How to massage your baby (and the benefits of baby massage)
Babies are born with all of their senses, but it takes time for these senses to develop and “make sense.” For instance, your average newborn can only focus on items about as close to her as your face (8-10 inches), and it will take her time to understand exactly what she’s looking at. She’s also born with fully developed hearing, and she’ll find your gentle voice soothing, but she doesn’t know what the words you’re saying mean yet. But touch? From day one, a soft touch and a warm cuddle make perfect sense to every newborn. That’s why your new baby wants to be held as often as possible, and why baby carriers and slings are so terrific for infants. And that’s also why it makes intuitive sense – even before you examine the studies of the benefits of infant massage – that most babies will find a nice gentle massage to be super relaxing and a great way to bond.
The Infant Massage USA website lists some of the benefits of infant massage:
- Infant-Parent attachment or “bonding”
- Helps baby feel loved
- Promotes better sleep
- Facilitates body awareness
- Boosts immune system
- Sensory stimulation
- Improves skin condition
- Improves blood circulation
- Helps digestion
- Balances respiration
- Relief for teething pains
- Help waste elimination
- Helps build parents’ and baby’s self-esteem
- Helps you learn about your baby (their needs and desires)
- Relaxes parents
- Pleasurable experience
Tiffany Field, PhD at the Touch Research Institute at the University of Miami School of Medicine explains that baby massage stimulates your infant’s central nervous system, and “That sets off a chain reaction: It makes her brain produce more serotonin, a feel-good chemical, and less cortisol, a hormone that’s secreted in response to stress. As a result, your baby’s heart rate and breathing slow down, and she becomes more relaxed. “
Massage is also a great way to get to know your baby: when you’re massaging her, you can carefully observe her nonverbal cues and get to know what she likes and what she doesn’t. This will help you develop your confidence as a new parent – always a good thing! And this goes double for dads, who can feel a little left out of caring for newborn babies, and who reap many benefits from this opportunity to bond with their child.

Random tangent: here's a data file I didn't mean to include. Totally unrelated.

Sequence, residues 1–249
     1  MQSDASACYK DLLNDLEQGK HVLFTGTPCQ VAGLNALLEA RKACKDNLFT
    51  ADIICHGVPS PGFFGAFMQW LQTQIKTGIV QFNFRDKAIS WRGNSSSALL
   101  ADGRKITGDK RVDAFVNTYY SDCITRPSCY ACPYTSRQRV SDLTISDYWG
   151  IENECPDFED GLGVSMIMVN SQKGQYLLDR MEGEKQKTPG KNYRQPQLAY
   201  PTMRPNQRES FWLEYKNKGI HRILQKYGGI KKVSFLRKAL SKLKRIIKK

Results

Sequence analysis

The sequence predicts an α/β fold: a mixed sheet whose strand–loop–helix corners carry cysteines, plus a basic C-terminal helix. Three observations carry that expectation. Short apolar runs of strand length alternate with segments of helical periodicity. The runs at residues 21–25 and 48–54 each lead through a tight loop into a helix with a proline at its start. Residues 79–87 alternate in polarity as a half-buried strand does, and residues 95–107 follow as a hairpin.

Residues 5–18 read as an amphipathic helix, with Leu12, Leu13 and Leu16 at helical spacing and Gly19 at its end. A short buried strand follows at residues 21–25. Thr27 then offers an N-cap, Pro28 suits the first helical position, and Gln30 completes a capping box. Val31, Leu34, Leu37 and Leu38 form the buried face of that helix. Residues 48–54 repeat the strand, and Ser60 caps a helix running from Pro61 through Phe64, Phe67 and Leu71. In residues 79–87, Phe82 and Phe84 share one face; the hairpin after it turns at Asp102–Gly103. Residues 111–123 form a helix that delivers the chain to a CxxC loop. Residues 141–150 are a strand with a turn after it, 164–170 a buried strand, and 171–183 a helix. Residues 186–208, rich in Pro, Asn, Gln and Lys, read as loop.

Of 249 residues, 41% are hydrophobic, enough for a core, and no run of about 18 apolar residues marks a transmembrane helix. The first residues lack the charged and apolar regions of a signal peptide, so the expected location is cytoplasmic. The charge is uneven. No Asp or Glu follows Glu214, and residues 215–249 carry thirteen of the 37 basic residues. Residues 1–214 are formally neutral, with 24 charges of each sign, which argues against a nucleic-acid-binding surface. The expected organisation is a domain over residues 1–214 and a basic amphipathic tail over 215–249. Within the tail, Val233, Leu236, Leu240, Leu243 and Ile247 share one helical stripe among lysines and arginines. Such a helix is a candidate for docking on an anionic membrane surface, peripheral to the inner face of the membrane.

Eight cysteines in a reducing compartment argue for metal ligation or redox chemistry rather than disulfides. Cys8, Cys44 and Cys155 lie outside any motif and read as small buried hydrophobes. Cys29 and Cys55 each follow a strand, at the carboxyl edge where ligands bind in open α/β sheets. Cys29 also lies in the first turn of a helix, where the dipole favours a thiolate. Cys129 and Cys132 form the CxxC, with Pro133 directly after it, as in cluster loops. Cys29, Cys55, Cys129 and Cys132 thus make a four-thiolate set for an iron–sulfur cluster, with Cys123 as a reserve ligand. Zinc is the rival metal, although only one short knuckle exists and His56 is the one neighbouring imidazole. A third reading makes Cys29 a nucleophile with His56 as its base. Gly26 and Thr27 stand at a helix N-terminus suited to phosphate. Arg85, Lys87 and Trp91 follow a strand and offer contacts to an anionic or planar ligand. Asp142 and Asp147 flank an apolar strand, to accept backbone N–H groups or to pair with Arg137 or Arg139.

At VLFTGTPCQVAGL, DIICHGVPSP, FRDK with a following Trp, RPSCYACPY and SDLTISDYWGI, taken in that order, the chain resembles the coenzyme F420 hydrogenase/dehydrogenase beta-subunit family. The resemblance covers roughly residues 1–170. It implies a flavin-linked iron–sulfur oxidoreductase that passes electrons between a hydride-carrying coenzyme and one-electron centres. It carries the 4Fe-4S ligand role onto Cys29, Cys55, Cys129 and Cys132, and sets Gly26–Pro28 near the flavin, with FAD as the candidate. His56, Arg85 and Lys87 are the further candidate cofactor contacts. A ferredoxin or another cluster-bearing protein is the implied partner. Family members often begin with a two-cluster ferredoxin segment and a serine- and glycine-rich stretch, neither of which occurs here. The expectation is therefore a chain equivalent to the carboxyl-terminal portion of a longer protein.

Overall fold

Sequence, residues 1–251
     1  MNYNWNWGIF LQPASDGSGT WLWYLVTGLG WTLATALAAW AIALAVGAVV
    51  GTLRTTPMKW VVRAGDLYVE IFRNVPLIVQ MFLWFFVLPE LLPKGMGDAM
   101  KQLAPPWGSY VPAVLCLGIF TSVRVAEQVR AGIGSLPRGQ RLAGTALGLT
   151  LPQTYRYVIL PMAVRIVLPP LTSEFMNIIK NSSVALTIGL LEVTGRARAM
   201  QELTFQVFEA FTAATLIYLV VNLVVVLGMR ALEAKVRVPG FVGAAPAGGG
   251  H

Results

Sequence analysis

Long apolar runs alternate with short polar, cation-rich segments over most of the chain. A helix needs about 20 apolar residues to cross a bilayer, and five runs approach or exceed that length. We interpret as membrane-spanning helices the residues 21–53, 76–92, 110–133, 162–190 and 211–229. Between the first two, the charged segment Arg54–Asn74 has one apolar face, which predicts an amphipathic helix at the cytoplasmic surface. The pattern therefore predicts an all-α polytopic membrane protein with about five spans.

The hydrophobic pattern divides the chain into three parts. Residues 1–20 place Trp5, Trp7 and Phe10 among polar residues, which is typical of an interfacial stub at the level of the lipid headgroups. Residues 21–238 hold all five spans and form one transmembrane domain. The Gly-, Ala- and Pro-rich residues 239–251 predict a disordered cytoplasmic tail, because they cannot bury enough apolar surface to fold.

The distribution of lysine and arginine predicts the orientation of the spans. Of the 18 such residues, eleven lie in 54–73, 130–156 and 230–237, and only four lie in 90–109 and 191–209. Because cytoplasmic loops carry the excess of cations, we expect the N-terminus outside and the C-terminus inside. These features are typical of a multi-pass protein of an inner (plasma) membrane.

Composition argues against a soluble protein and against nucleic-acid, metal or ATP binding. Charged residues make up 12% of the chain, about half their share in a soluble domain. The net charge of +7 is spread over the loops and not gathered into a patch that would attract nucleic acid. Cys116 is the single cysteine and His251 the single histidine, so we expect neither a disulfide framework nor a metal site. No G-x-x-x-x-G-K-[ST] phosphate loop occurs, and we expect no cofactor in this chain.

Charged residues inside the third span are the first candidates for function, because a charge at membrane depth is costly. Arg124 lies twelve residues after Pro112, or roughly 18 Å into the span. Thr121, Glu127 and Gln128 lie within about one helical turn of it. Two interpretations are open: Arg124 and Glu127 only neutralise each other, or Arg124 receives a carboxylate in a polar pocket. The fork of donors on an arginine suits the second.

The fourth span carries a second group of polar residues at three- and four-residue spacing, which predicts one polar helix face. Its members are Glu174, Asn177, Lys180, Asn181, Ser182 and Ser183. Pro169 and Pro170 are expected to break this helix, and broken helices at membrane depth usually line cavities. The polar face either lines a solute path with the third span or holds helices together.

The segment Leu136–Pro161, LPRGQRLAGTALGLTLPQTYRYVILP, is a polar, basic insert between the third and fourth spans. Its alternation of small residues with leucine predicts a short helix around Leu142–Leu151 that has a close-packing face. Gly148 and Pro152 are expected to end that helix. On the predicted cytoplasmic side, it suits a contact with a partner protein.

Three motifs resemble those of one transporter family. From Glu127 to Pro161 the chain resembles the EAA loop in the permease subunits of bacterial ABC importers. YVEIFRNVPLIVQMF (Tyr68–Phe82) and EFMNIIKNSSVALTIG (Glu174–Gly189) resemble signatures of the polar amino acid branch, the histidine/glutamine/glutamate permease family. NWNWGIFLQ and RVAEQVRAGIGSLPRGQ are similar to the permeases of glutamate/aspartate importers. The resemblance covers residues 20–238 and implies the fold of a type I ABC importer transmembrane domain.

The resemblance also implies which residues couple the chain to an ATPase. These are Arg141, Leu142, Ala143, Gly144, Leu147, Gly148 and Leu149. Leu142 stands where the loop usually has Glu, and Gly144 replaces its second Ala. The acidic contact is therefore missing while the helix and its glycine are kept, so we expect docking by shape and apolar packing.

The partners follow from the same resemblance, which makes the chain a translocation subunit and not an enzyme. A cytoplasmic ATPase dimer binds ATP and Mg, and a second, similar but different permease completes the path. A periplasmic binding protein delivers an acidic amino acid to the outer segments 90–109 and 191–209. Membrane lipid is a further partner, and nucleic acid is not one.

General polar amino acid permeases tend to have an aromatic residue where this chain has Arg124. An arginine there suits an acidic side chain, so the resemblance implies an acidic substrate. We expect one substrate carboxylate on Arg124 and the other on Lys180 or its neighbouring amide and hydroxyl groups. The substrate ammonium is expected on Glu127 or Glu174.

A nice massage is also a terrific addition to your nightly routine: in his article about how to avoid nighttime fussiness, Magic Beans co-owner Eli Gurock lists it as an essential step for getting your baby calmed down and relaxed for sleep. It can be just another one of the cues you give your child that it’s time to go to bed, helping her settle in happily for the evening.
You can find plenty of techniques for baby massage online: I like this one at Babycenter because of the cute pictures of little baby hands and feet! This guide at Parents.com also includes a lot of techniques to try, divided up by body parts. Or, if you’re wearing your baby in a wrap carrier, this guide at the Moby Wrap website gives you some ideas to try without even putting your baby down.
You can keep sessions as short as 10 minutes or as long as 30 minutes – find a time when your baby is quiet and alert, and not too hungry or too full (since the latter can lead to an unpleasant mess!).
Some tips from the experts at What To Expect:
- Cold-pressed fruit or vegetable oils are best, since they absorb nicely into the baby’s skin and won’t upset his tummy if he sticks his hand in his mouth afterwards. Don’t use nut-based oils, since they’re more likely to be allergens.
- Find a nice warm room, since your baby will be nearly naked and they get chilly faster than you do.
- Follow the baby’s cues: if he frowns or cries, save it for another day.
- Be gentle, but don’t tickle!
I also like this tip from the NCT UK website: they advise you to ask your baby permission before you start! Of course, she can’t say yes or no, but she’ll learn quickly that “Can I give you a massage?” means that a massage is about to start. And talking to your baby frequently and narrating everything you do is essential for her language development, so, why not?
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